Evolution of indian cinema

Dadasaheb Phalke’s ‘Raja Harishchandra’ revolutionised an art form which would become a huge influence in almost everyone’s life. Films form public opinion and evoke different emotions. The way of expression in films is very unique. A book has a way of its own and every art form is unique. But a film can exactly deliver the desired message because it is visual and there are a lot of human elements involved.

The evolution of Indian cinema is divided into different phases. The silent era was the first one. Silent films were produced during the 1890s-1920s. The wrestlers (1899) by H.S bhatavdekar is considered the first Indian film ever by an Indian. It was a film documentary. It was about a wrestling match which was held at the hanging gardens in Bombay. Due to the enthusiasm from a lot of different filmmakers, the Indian film industry rose rapidly. Tickets were affordable to the normal audience. Filmmakers started to incorporate daily Indian social life to make the film more interesting and relatable to the audience.

Alam ara highlights the talkies era. Alam ara was released in 1931. It was the first Indian film which had sound. Joymoti by Jyoti Prasad Agrawala was released in 1935. Jyoti Prasad also went to Berlin to learn more about films. The popular culture of music in films began during this era. Studios started to emerge in main cities like Bombay, Madras and Calcutta. Kisna Kanhiya, the first colour film produced in India came out during this era. A film called wrath was banned by the British raj because it depicted Indian freedom fighters as leaders. A film named Sant Tukaram went to the Venice film festival for its depiction of a saint and a poet. A deadly combination indeed. It was judged as one of the three best films of the year. The seeds of Indian masala film were sown during this era. An Indian masala film has everything. Dance, Music, Drama and Action. This type of film brings out huge crowds into theatre today and is one of the spectacles of India in a way. Although, due to the partition a lot of studios moved to Pakistan. Partition became a hot topic to make films.

Satyajit ray with his movie reel

The golden era is dedicated to the genius of Satyajit ray. In the third part of the Apu trilogy, there’s a scene where apu and his friend are just walking beside a railway track. They are chatting about their lives. The talks of APU’s marriage come up among other things. The scene captures the vibe of Calcutta so nonchalantly. It’s just two friends talking to each other. The flow of the scene feels so natural. Satyajit ray’s films teleport you into the Calcutta of the 60s. Satyajit Ray was the master of social realism. Another film is boot polish directed by Prakash Arora. There’s a scene in the film in which Bhola(brother) is telling belt(sister) not to beg for a living. She’s starving and the only way she can feed herself is by begging. But because it goes against his brother’s philosophical ideology, she chooses to resist the temptation. But the poor girl can’t resist her hunger for long and picks up a coin and right after that her brother slaps her. She says while crying “bhook Lagi hai Bhai”. Now his brother has to choose between his honour and duties. He can choose to not pick up the coin and maintain his moral high ground or he can feed her sister. The scene captures this conflict so perfectly. The camera captures the whole environment of the room. This type of film was made during this era. Films based on social realism. Masala films also became very popular during this time. Art films and commercial films started to co-exist.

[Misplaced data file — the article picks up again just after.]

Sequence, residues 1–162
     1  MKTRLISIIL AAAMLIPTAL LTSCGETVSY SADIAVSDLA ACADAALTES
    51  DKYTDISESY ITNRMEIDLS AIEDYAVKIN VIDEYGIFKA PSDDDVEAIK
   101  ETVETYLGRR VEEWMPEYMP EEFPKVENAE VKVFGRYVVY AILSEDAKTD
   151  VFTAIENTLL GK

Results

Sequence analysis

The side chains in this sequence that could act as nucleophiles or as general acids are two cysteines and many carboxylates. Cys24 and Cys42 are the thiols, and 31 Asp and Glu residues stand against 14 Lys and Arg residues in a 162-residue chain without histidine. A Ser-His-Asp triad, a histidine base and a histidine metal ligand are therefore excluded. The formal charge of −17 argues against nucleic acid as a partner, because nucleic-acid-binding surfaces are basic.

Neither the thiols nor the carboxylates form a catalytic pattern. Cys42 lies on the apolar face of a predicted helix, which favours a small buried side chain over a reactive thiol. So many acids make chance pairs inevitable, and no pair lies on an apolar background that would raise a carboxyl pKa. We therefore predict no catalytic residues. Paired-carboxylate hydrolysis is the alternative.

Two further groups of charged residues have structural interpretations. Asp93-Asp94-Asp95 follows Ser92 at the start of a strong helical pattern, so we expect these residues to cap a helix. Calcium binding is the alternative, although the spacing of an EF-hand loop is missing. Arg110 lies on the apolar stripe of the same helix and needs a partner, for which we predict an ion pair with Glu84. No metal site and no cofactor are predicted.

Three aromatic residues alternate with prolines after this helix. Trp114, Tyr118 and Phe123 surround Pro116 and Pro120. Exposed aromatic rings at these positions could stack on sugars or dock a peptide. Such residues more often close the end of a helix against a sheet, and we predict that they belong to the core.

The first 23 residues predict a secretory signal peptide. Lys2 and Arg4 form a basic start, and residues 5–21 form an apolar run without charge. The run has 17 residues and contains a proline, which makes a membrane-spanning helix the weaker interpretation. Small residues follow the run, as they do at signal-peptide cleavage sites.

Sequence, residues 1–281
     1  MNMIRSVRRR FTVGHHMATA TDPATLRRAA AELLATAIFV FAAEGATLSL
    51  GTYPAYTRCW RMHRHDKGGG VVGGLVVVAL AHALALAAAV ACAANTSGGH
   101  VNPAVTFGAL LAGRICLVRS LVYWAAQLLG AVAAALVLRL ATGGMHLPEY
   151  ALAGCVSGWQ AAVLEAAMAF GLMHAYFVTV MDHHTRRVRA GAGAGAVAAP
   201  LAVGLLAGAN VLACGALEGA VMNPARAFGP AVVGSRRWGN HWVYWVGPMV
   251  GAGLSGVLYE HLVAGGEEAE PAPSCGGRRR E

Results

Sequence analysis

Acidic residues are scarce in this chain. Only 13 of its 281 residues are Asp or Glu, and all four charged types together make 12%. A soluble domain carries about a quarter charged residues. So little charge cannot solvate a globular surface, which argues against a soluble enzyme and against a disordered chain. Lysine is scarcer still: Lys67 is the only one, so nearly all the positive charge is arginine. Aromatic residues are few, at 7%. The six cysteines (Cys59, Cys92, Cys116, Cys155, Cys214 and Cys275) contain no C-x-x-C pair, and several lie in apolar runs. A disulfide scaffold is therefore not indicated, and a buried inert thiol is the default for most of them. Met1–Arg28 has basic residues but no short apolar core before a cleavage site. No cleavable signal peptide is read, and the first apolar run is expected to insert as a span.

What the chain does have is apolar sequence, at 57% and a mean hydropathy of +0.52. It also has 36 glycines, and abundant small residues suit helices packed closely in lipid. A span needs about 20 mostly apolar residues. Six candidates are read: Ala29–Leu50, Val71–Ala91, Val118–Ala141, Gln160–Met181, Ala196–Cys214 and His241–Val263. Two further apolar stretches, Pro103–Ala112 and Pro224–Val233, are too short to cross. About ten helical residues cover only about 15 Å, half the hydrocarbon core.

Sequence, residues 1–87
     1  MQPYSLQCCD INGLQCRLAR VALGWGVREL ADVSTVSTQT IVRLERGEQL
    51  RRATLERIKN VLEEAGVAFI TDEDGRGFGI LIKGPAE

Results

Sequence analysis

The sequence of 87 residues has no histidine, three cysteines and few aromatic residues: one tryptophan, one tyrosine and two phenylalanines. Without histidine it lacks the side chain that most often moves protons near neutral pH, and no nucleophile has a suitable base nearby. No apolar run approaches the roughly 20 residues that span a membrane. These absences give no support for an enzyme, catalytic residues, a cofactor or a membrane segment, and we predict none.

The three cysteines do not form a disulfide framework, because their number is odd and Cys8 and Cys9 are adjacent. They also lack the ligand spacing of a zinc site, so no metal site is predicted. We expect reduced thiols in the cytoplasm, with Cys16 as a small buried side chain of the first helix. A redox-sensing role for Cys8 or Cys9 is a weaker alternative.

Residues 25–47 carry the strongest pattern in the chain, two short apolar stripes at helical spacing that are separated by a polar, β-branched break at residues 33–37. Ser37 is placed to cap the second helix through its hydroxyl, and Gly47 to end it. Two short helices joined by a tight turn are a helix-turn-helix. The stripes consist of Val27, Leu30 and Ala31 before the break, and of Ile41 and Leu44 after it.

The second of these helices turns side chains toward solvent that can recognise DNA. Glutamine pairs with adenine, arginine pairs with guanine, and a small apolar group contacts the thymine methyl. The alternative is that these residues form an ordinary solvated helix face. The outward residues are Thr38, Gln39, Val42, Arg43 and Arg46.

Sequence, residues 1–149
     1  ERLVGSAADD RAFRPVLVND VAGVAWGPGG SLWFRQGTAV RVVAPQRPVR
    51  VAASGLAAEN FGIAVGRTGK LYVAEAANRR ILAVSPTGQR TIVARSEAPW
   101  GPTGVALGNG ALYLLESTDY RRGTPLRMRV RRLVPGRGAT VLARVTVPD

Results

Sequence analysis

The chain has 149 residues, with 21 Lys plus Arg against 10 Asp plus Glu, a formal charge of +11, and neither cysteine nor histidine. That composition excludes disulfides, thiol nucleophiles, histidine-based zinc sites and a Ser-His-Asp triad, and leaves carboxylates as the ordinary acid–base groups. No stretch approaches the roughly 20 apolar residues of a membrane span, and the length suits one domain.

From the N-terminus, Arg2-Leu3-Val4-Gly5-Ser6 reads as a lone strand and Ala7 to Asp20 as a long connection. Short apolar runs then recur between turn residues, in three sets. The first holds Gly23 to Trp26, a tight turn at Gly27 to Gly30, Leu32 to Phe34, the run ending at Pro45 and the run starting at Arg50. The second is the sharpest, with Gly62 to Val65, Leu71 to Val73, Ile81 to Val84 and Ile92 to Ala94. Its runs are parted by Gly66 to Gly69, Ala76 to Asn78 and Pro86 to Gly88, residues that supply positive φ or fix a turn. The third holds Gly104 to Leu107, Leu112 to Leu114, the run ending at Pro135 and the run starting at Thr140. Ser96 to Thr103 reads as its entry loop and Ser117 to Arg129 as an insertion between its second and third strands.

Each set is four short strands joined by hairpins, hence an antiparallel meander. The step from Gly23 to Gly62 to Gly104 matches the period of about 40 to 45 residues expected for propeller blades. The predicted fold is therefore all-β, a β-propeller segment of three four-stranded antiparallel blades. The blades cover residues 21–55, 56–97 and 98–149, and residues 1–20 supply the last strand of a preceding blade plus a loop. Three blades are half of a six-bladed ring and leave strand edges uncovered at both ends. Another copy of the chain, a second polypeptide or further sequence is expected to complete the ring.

The FFC’s art film orientation came under criticism for not pushing enough commercial films. The duo of Salim-Javed revitalised commercial cinema. They always came up with gritty action thrillers like zanjeer and deewar. They are considered the greatest screenwriters of all time. Crime action films became very popular during this era. The peak of masala films. Although, this made the audiences used to a very predictable plot. Anyone would be able to anticipate what will happen next because it became so predictable. All-time blockbusters like Sholay came out in 1975. The term Bollywood was also coined during this era.

In the late 1980s, everyone was tired of watching the same old action thrillers. The footfalls became less and less until disco dancers. Disco dancers introduced the concept of disco in India. Disco dancer was the biggest hit of the year even in Russia. It introduced Bappi Lahiri as a music director. Mithun and Bappi Lahiri have given countless hits together. Then came the era of romance. Yash raj Chopra’s DDLJ sums up the decade of the 90s. Shah rukh khan became a sensation through his charming acting in romantic films like Kuch Kuch Hota hai , Dil to Pagal hai etc. He gained massive popularity worldwide. Sadly though, as the concept of Bollywood evolved. It became more about money rather than the art as in any other industry. The moment anything becomes an industry. It loses its beautiful touch. That’s what happened with Bollywood. Filmmakers in Europe or France can dare to think about anything today and make something about it. The problem with us is that we cannot even afford to think anything outside the box. Our bandwidth as an audience is very low. We only like to watch films of certain kinds.

The regional cinema has also grown immensely and in some ways is doing better than the Hindi film industry. The film chain in India today is very strong. Thank you to the Dadasahebs, Satyajit’s and anands of India.